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Spare The Air Alerts: Do People Really Get Caught?

Air quality officials say they issue an average of 100 to 200 complaints on every day there is an alert

Wood cannot be burned in fireplaces on Spare the Air days
Wood cannot be burned in fireplaces on Spare the Air days
Think you won't get caught if you light up your fireplace on a Spare the Air day?

Air quality officials say... think again.

Tom Flannigan, a public information officer for the Bay Area Air Quality Management District, said the agency receives 100 to 200 complaints on every day there is an alert issued.

Less than 20 percent of those complaints eventually lead to citations.

Last season, there were 10 Winter Spare the Air Day alerts. On those days, 2,316 complaints were received and 178 citations were issued.

In 2011-2012, there were 15 Spare the Air days. There were 3,777 complaints received and 359 citations issued.

So far this winter, there have been 22 of the wood burning prohibitions ordered. That includes the alert in place for Sunday.

Flannigan said there is no reason to suspect the average number of complaints is any lower.

"Yes, you can get caught," said Flannigan.

Flannigan said the number one way by far the agency catches violators is from complaints filed by nearby residents.

Each of those homes that received a complaint is mailed an information packet on air pollution and Spare the Air days.

The air quality district has 60 inspectors who follow up on the complaints.

On each Spare the Air Day, they take the addresses of the complaints from the previous alert day and drive by those homes.

If smoke from a chimney, barbecue, fire pit or other area is seen, the homeowner is mailed a citation.

If an inspector happens to see another house violating the wood burning ban along their route, that residence will also get a citation in the mail.

First-time violators are given the option of taking a wood smoke awareness class or paying a $100 fine. Second violations result in a $500 fine and the penalties rise with each violation after that.

The Spare the Air program began in 2008. Flannigan said the agency receives more complaints every year because more people are obeying the wood burning prohibition and don't like it when a neighbor doesn't.

"The people who are violating tend to stand a little more now," he said.

Flannigan said the Bay Area's unusual weather in December has caused the district to issue a large number of Spare the Air alerts.

He said there is usually rain or wind on most December days. There is neither right now.

"These are unique circumstances," he said.

Chris Nicholson December 29, 2013 at 12:17 PM
Terrifying. First, only about 1/3 of the time does "Spare the Air" alert turn out to be accurate. And, within that 1/3, it generally is BARELY above 100 AQI and only in one or two isolated areas. The no-burn policy, as implemented, is not rationally connected to any public health benefit. Part of me thinks it is clever propaganda, but Occam's Razor suggests that it is simply garden variety self-pepetuating bureaucracy without grown up supervision. As I am fond of noting, the 100 AQI level (which they often predict, but we RARELY reach), is not even the "unhealthy" level per the EPA. That level is 150 and we might hit that in one spot once a year-- and momentary exposure to these levels is not dangerous at all for most people, it's the LONG TERM exposure that is harmful.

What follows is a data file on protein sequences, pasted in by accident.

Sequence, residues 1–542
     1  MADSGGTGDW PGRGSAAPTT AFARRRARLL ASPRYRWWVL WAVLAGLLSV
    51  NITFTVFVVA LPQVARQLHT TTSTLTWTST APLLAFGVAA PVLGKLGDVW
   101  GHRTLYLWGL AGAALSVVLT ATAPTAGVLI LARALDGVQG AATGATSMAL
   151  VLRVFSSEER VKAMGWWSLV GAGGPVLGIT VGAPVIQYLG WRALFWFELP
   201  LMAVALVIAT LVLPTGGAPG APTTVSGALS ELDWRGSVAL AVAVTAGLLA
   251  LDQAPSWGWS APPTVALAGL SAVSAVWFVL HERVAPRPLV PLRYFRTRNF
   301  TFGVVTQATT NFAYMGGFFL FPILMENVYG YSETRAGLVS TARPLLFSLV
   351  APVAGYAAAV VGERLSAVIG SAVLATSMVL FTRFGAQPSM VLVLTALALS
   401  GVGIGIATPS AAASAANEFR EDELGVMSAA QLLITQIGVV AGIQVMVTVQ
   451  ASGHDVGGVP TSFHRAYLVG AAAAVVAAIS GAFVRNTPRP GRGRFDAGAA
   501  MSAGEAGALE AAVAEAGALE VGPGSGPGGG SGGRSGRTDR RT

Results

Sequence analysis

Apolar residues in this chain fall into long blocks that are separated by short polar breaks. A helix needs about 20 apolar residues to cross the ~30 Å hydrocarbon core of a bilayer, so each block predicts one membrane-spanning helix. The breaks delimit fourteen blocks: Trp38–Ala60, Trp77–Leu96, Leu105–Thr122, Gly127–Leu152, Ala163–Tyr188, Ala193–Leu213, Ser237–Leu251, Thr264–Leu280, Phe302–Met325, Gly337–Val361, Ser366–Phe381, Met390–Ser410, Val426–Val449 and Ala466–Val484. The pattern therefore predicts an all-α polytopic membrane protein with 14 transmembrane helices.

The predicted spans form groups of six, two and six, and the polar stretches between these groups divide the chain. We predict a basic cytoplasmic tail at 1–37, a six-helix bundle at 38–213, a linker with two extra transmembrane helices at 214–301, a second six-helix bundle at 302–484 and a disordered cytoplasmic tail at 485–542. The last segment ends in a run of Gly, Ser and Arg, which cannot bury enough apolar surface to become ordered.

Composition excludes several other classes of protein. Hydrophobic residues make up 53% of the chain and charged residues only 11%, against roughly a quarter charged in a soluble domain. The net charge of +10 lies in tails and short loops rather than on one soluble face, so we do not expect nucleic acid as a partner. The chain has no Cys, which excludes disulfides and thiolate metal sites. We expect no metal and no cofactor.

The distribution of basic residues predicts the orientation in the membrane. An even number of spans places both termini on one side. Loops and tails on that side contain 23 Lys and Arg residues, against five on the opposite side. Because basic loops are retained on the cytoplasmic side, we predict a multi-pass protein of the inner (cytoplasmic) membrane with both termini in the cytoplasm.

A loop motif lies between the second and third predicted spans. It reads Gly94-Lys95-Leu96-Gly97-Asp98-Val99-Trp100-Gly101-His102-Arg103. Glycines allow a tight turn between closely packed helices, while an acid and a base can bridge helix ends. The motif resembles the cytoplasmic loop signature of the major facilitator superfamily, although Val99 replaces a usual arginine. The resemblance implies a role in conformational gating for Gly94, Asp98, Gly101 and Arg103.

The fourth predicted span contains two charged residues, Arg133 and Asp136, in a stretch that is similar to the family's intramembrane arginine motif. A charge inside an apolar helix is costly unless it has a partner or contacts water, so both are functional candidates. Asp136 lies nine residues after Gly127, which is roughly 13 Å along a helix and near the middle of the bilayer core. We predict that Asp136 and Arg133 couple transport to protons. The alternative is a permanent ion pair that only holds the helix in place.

Jason Schmidt December 29, 2013 at 01:12 PM
There are SIXTY inspectors in the Bay Area whose job it is to drive around and see if someone is burning a log in their fireplace? The politicians said there was no room for further budget cuts.
Douglas Home December 29, 2013 at 01:37 PM
They are counting on your neighbors to turn you in. Think about this concept for a moment. Let's try to forget about the fact that the government is telling you what you can do in your own living room (is the bedroom next?) Let's just focus on who else has used this "rat out thy neighbor" tactic throughout history and what the results were.
Fred Smith December 30, 2013 at 04:44 PM
During the string of "Spare the Air" days before Christmas I was driving regularly to the City and on most days, visibility was over 20 miles - hardly an example of dangerous levels of particulate pollution. The BAAQMD is totally out of control with this program!
Tim January 02, 2014 at 09:26 AM
Upgrade your homes heating system. Pretty much all my neighbors that cry over spare the air days are original owners with original heating systems. Use some of that Prop 13 savings and upgrade your heating. Besides, you are burning trees that take a long time to grow. And I don't like smoke blowing into my house.
Fred Smith January 02, 2014 at 11:08 AM
I doubt anyone around here heats their home with wood. Masonry fireplaces just don't radiate much heat into the house. I replaced my furnace a few years ago with a 94% efficient unit which warms the house economically but I still like to burn a firelog (which is made from wood waste) in the fireplace to cheer up a winter night. I think that, unless there's a truly compelling public health problem, I should be allowed to do that. The petty and over zealous nature of the "Spare the Air" program undermines the public's trust in government.

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